First hyperpolarizability of water at the air-vapor interface: a QM/MM study questions standard experimental approximations

G Le Breton and O Bonhomme and PF Brevet and E Benichou and C Loison, PHYSICAL CHEMISTRY CHEMICAL PHYSICS, 23, 24932-24941 (2021).

DOI: 10.1039/d1cp02258j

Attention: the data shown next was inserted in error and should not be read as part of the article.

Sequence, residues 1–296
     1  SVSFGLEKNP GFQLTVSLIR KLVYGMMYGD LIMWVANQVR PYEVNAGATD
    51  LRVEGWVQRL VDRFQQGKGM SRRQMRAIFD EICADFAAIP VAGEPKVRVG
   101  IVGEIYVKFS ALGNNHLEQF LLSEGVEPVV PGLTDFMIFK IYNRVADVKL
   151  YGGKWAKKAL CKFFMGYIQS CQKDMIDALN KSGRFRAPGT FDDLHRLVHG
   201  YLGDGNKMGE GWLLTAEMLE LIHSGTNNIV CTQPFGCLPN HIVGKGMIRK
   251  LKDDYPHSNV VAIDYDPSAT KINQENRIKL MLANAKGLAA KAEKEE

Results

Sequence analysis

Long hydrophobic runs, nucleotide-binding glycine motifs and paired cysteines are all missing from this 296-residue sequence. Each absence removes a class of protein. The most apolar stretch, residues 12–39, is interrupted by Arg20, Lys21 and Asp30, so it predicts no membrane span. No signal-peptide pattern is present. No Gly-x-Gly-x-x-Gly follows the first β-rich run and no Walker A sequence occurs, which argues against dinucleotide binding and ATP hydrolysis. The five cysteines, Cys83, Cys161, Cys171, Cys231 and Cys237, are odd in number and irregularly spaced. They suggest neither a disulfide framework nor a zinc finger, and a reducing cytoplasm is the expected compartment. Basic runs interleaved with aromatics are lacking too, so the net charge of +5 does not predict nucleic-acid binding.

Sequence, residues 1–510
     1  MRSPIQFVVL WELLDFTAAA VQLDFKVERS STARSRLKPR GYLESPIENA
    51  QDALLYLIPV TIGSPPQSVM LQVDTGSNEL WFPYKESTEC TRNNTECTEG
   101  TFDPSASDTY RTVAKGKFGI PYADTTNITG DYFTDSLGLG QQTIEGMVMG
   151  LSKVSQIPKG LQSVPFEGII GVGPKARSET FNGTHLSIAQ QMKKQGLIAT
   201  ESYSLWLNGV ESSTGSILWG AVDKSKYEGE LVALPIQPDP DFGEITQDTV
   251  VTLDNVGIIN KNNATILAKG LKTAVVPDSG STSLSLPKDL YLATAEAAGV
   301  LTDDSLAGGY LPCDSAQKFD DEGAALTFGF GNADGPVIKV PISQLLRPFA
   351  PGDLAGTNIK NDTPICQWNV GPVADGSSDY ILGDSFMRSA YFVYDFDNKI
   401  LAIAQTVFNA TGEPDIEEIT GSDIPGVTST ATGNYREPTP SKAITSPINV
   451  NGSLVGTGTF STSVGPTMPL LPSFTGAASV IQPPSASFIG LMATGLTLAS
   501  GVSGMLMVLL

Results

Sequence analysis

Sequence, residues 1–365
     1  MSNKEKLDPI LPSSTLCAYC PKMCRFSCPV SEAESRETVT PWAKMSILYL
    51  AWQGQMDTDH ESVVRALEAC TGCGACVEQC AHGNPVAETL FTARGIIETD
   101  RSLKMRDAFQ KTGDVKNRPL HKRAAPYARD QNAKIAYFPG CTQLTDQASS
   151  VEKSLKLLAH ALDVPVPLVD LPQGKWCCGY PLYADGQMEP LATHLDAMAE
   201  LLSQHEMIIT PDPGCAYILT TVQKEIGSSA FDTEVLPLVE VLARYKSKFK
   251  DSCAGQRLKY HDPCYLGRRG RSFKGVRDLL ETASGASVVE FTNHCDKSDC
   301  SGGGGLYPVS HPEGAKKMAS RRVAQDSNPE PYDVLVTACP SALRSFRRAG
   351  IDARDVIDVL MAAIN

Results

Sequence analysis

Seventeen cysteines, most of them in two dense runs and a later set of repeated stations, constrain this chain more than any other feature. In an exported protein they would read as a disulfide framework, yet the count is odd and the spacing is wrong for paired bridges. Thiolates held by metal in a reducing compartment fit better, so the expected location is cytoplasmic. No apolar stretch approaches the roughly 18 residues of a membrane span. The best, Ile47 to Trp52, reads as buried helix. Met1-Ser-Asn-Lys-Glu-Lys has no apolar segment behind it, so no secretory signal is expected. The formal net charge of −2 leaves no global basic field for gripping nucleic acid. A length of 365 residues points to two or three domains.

Surface Second-Harmonic Generation (S-SHG) experiments provide a unique approach to probe interfaces. One important issue for S-SHG is how to interpret the S-SHG intensities at the molecular level. Established frameworks commonly assume that each molecule emits light according to an average molecular hyperpolarizability tensor beta(-2 omega,omega,omega). However, for water molecules, this first hyperpolarizability is known to be extremely sensitive to their environment. We have investigated the molecular first hyperpolarizability of water molecules within the liquid-vapor interface, using a quantum description with explicit, inhomogeneous electrostatic embedding. The resulting average molecular first hyperpolarizability tensor depends on the distance relative to the interface, and it practically respects the Kleinman symmetry everywhere in the liquid. Within this numerical approach, based on the dipolar approximation, the water layer contributing to the Surface Second Harmonic Generation (S-SHG) intensity is less than a nanometer. The results reported here question standard interpretations based on a single, averaged hyperpolarizability for all molecules at the interface. Not only the molecular first hyperpolarizability tensor significantly depends on the distance relative to the interface, but it is also correlated to the molecular orientation. Such hyperpolarizability fluctuations may impact the S-SHG intensity emitted by an aqueous interface.

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